There was a study reported in the British journal, Nature. They noted that when the baby is under threat the amygdala signals to the prefrontal cortex triggering the expression of that fear in behavior. The cortex becomes the “decider.” What the investigators did was to train mice with a tone accompanied with a shock. When that was administered there was commensurate brain activity in the prefrontal area of the mice. But when the amygdala was surgically removed there was no longer any prefrontal activity; it could no longer signal fear to the top level. The same is true when we drug that structure or tranquilize it; it diminishes the force that mounts in the prefrontal area. We see from this research why so many of us have trouble sleeping; either falling asleep or staying asleep. And why some individuals cannot get into feeling. Lower level imprints voyaging or meandering upwards and forwards keep the person from traveling to a lower level of brain function. It literally jolts the person who has lain down for a few minutes trying to relax, into a hypervigilant state. There is too much going in that deeper level to permit entry. Lower level imprints are stimulating the frontal thinking/ruminating neurons to get busy. Thus in quieting the lower levels there is a sense of calm in the thinking area. A false sense, I might add. But the person reports feeling calmer. So much for subjective reports.
So when can a fetus feel pain? A better question might be: when can it signify pain? After the circuits are in place. Neuroscientist J.K.S. Anand explains this when he placed a needle/probe into a fetus (for amniocentesus). The fetus grimaced in pain and its stress hormone levels rose dramatically. The baby suffered; not only that but from our point of view, that suffering can be coded and registered in the memory system, thereafter lying in storage waiting its chance for connection. And this is what we in feeling therapy are about—connection.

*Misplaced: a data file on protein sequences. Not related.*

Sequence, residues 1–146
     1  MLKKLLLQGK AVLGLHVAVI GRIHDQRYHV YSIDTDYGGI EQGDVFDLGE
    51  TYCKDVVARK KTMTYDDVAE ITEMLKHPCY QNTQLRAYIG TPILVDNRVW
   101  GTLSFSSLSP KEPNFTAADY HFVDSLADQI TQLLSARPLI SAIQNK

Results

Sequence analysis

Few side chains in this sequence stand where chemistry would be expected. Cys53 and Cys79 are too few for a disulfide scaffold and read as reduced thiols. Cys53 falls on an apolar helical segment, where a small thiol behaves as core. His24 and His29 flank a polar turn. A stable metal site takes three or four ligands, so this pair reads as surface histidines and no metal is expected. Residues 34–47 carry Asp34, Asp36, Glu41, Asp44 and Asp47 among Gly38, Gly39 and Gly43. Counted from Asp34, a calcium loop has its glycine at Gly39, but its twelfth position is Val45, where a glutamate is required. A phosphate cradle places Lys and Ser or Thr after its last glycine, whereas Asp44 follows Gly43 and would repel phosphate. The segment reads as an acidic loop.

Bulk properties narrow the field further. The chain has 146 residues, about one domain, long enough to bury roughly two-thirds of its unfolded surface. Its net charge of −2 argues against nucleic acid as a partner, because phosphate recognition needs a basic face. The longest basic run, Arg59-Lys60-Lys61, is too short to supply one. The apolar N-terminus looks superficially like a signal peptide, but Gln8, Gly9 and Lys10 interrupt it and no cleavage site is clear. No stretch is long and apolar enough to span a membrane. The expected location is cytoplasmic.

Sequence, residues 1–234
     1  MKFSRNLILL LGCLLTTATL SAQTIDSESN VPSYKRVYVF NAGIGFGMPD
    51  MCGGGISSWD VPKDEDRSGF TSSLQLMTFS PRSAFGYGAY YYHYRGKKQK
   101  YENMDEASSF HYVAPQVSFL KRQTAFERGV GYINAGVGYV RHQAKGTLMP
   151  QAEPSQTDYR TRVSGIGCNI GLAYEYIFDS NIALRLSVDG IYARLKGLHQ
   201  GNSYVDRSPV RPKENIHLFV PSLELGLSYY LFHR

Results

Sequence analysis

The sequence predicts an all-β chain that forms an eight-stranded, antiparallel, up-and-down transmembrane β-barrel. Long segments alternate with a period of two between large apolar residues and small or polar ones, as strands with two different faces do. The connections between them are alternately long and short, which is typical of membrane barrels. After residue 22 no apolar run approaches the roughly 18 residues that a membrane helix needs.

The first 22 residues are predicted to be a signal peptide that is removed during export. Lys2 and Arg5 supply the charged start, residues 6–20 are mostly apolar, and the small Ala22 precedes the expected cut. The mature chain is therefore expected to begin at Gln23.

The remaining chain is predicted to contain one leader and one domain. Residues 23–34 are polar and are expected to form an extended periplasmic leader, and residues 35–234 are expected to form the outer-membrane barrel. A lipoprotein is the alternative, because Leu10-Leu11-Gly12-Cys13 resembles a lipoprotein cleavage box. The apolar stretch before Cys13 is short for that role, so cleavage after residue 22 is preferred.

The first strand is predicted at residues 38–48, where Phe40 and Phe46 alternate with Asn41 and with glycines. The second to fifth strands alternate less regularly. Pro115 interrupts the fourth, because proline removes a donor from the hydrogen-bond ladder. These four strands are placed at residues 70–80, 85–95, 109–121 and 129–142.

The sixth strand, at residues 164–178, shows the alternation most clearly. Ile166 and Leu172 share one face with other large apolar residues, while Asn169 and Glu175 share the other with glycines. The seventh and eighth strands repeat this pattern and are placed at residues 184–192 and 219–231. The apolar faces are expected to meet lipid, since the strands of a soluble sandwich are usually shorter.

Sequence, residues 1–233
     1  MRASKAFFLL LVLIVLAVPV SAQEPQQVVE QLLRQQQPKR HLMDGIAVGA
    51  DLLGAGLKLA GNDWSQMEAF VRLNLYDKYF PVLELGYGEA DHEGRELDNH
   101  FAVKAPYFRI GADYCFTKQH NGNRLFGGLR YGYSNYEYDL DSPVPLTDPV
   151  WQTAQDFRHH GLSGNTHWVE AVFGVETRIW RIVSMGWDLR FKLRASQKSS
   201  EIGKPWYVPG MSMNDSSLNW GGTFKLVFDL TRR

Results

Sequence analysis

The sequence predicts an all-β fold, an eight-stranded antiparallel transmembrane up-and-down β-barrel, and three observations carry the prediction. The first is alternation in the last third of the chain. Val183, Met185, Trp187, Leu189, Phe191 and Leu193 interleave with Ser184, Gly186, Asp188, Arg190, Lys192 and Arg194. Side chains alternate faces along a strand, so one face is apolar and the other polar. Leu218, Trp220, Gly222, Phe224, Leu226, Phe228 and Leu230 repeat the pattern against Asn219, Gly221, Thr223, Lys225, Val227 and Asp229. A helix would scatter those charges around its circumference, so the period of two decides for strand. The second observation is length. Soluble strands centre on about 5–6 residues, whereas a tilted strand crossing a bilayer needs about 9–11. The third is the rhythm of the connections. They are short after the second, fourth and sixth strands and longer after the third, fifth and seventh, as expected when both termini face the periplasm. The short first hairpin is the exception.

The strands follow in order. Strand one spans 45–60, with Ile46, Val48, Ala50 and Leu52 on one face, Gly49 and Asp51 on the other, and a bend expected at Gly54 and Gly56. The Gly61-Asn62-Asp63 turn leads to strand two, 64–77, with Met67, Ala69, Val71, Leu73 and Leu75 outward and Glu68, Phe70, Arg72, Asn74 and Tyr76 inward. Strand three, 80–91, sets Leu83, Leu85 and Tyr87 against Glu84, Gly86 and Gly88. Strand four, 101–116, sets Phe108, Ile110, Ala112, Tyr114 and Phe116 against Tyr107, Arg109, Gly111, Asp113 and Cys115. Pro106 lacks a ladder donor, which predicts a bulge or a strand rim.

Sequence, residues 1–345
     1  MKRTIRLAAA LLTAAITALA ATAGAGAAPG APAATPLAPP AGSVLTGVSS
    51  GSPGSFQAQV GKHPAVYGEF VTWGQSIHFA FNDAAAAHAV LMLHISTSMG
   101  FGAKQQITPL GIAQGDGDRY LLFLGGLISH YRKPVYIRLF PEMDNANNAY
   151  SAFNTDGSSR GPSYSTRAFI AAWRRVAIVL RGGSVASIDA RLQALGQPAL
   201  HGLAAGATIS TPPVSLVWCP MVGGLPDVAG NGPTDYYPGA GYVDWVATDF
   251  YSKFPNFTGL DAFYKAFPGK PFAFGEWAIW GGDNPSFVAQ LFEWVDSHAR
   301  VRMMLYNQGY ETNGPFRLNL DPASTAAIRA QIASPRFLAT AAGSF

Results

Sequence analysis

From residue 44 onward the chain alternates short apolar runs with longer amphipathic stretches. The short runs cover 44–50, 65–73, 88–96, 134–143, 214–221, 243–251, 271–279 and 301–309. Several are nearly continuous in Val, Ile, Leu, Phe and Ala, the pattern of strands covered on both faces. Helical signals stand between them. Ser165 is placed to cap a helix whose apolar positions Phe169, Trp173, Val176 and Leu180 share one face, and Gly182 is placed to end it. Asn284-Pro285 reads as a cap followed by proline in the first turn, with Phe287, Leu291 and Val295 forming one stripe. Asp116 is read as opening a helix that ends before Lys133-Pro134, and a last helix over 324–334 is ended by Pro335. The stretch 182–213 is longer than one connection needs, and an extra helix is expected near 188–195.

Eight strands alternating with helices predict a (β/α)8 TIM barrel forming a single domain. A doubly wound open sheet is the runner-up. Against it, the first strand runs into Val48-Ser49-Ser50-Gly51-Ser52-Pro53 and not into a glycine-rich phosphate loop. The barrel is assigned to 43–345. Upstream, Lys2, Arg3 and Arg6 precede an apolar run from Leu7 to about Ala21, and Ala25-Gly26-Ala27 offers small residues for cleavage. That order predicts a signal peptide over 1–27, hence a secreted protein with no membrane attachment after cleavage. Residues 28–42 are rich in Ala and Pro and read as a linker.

There are some serious diseases out there that have been considered only in the domain of inheritance; muscular dystrophy is one of many. Perhaps the cures for these afflictions have been slow in coming because our emphasis has been on inherited factors rather than experience. If we don’t look at gestation as critical, our diagnoses are bound to be skewed.
There is a study by a Canadian group from the Douglas Mental Health University that found when child abuse exists there is a change in a gene (NR3C1) that affects how the child will deal with abuse. That gene was much lower in abuse victims who eventually took their lives. It would seem that childhood abuse had changed the structure of the gene so that it was less active. And these changes endured throughout their lives. It changed the way the whole stress apparatus functioned (the HPA). McGowan implies that the changes are stable and that they alter the gene’s activity leading to later illness and suicidal tendencies. When that gene is ineffective it cannot produce the kind of alerting, galvanizing chemicals that help one fight through things (glucocorticoid hormones). So the body behaves as though it were constantly under stress when there is none apparent. It is reacting to the imprint. What this research group believes is that mothers can affect the fate of their children even before they are born. The epigenetic changes could force the children to be depressed and suicidal later on. It will look like genetics but it will be more than that.